Bitterblue has a fractured kingdom to heal - and the poisonous shadow of a mad king to lift from her people - in this beautifully told adventure.
Kristin Cashore is an award-winning author in the fantasy and YA genre. She has an M.A. in children's literature and has lived in Pennsylvania, Florida, Sydney, Cambridge, Austin, Italy and even London before settling, for the moment, in Boston.
When last seen, Bitterblue had been crowned queen of Monsea, after Katsa, the heroine of Graceling, killed her father, King Leck. (He had it coming.) Eight years have passed; Bitterblue, now 18, is in power, even as her counselors have attempted to sweep the wretched perversity of Leck's reign under the rug. Bitterblue objects-not only because she thinks she needs to understand that history in order to lead but because she feels constrained by busy work that keeps her trapped in the castle. Spirited and frustrated, she dons a disguise, sneaks out, and quickly befriends a printer and a handsome thief. Complications, naturally, ensue. Her romance and growth into the role of queen are among the best parts of this sprawling story, which brings forward (but does not entirely resolve) plot strands from both Graceling and Fire. There are many pleasures-fans will welcome the return of Katsa and her lover, Po; Bitterblue's court includes Death (rhymes with teeth), a dour librarian graced with the ability to read fast and remember every word. Once the narrative shifts from Bitterblue's clandestine adventures in the city to her convalescence inside the castle, the story loses some steam, even as the sick nature of Leck's abuses are unearthed. Nonetheless, devotees of the earlier books and fans of Megan Whalen Turner's intricate political fantasies will relish this novel of palace intrigue. Ages 14-up. Agent: Faye Bender, Faye Bender Literary Agency. (May) (c) Copyright PWxyz, LLC. All rights reserved.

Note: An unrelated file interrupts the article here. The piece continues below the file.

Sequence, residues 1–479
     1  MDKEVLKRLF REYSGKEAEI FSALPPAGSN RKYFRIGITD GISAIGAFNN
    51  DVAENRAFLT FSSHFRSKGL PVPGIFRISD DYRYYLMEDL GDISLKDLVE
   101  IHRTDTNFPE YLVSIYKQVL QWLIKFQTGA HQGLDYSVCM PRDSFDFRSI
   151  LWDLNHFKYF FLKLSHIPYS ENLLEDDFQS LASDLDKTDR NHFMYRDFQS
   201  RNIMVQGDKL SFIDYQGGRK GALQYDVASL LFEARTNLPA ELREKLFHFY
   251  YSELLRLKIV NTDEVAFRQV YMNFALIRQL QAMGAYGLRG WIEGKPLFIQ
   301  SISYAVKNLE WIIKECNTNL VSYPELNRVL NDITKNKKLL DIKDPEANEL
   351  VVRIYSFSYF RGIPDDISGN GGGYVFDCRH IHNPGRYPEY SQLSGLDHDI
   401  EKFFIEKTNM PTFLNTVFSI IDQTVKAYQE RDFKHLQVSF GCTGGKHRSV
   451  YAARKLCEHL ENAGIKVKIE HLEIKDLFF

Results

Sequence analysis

Gr 8 Up-When the evil King Leck was killed, his 10-year-old daughter, Bitterblue, suddenly became Queen of Monsea. King Leck had the Grace, or power, to muddle people's minds to do his bidding. His 35-year reign was filled with brutal murders, rapes, torture, and deceit, and the now 18-year-old queen is struggling to hold together the pieces of her crumbling kingdom. Feeling that her advisors are sheltering her from harsh truths, she disguises herself as a commoner and ventures out at night to local story rooms to hear tales of her father's reign and begin to learn how best to help her people. It is on one of these outings that she meets Saf, a young thief. Thinking that he and his friends can help her to gain insight into Monsea and its people, Bitterblue soon falls for him, despite his reckless behavior and the claim that he has yet to discover his Grace. Meanwhile, "truthseekers" are being sought out and silenced for what they know. Bitterblue tries to connect the dots, but the more she explores, the more she begins to question who she can trust, even (and especially) within her own administration. The novel starts a bit slow and is perhaps a bit too long, but those minute flaws are easily overlooked once readers are ensconced in this wondrous world of the Seven Kingdoms. The book can stand on its own, but it will most thoroughly be enjoyed by fans of Graceling (Harcourt, 2008) and its companion book, Fire (Dial, 2009). Characters from both novels appear in this installment, which ends with clear direction for another title. Cashore's imagined world is brilliantly detailed and brimming with vibrant and dynamic characters.-Lauren Newman, Northern Burlington County Regional Middle School, Columbus, NJ (c) Copyright 2012. Library Journals LLC, a wholly owned subsidiary of Media Source, Inc. No redistribution permitted.